substrate to assay enzyme activity should facilitate identification of the desired enzyme.
The molecular weight can then be determined by comparison to known standard. The


use of column chromatography to extract larger volumes of the enzyme from the
supernatant based on the expected molecular weight fraction can be done and once a
sufficient quantity is obtained the required biochemical and kinetic data as well as X-ray
crystallographic and other structural analytical data can be obtained.
This research paper will examine the distribution of o-diphenolase, its structure, modus
operandi and economic importance.


o-Diphenolase and its Role in Enzymic Browning of Foods

o-Diphenolase also referred to as polyphenoloxidase or catechol oxidase which catalyze
the oxidation of catechols or ortho-diphenols to orthoquinones has been established to be
a copper containing protein (Robb

Figure 5. Oxidation of Catechol Catalysed by o-Diphenolase

et al, 1965; Kidron et al, 1977, Anosike and Ayaebene, 1982) strongly related to both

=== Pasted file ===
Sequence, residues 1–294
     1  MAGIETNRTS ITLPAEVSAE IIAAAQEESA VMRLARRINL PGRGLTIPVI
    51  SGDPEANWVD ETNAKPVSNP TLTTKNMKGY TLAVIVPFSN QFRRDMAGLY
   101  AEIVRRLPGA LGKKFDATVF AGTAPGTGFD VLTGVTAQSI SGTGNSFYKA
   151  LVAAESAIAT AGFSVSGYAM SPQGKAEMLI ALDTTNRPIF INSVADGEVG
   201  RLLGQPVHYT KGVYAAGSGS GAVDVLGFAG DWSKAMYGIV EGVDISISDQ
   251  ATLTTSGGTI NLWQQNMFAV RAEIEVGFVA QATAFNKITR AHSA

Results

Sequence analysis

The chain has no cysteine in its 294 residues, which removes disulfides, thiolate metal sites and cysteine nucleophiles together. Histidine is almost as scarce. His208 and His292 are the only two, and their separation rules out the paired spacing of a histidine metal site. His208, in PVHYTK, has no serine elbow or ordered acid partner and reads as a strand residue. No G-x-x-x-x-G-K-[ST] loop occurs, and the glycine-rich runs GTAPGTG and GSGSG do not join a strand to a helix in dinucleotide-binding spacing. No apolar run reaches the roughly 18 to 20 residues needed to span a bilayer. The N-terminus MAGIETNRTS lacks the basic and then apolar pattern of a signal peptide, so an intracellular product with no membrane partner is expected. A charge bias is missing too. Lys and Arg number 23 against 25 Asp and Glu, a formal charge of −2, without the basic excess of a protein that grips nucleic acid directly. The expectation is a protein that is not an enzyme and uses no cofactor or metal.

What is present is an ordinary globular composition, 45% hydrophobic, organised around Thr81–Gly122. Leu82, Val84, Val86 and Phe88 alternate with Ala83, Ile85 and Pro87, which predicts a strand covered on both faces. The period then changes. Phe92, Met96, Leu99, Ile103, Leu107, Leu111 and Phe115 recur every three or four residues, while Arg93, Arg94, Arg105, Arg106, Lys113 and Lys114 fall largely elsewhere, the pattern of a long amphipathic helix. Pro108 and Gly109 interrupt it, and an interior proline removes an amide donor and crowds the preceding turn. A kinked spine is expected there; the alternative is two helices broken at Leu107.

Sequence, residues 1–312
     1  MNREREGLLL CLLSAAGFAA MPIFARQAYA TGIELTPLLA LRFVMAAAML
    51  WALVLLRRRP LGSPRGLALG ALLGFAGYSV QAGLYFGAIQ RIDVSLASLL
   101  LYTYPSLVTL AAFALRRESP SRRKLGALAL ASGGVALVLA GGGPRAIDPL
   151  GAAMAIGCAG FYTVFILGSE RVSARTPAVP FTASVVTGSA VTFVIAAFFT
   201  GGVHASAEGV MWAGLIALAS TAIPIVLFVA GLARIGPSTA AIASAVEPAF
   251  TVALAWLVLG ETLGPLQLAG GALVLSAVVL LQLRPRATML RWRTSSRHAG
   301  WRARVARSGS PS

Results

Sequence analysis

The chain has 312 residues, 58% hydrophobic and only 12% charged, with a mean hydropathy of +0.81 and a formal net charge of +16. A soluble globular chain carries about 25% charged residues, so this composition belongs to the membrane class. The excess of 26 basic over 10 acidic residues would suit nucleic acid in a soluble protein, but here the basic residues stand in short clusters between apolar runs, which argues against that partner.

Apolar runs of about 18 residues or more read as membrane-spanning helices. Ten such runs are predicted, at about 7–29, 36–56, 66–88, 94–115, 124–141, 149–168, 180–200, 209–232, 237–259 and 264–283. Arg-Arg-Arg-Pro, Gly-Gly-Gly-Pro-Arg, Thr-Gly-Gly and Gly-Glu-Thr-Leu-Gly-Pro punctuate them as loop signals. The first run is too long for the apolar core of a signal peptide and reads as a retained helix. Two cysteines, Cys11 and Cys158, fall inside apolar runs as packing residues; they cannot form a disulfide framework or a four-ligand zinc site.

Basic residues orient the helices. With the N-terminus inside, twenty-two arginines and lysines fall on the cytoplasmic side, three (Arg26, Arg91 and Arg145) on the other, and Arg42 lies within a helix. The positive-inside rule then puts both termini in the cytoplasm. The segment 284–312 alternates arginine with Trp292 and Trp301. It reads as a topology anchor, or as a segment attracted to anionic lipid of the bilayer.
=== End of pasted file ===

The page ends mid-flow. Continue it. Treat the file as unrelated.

tyrosinase and haemocyanin, which all have a dinuclear copper complex with histidine
ligands at the active site (Siegban, 2004). O-Diphenolases are ubiquitous enzymes
capable of mediating or participating in a number of physiological processes. There is a
general dubiousness surrounding some of the many functions associated with o-
diphenolase, however its role in enzymic browning has been long established. O-
Diphenolase has six histidine residues one of which is covalently linked to a cysteine
molecule. The distance between the copper atoms has been resolved by X-ray studies to
range from about 2.5 to 2.9 Angströms depending on whether it is substrate bound or
free. The role which copper assumes involves the binding of oxygen at the active site
(Mayer and Harel, 1979; Fennol et al, 2004 and Siegban, 2004). While o-diphenolases
from animal issues are relatively specific for tyrosine and dopa (Mason, 1955), the fungal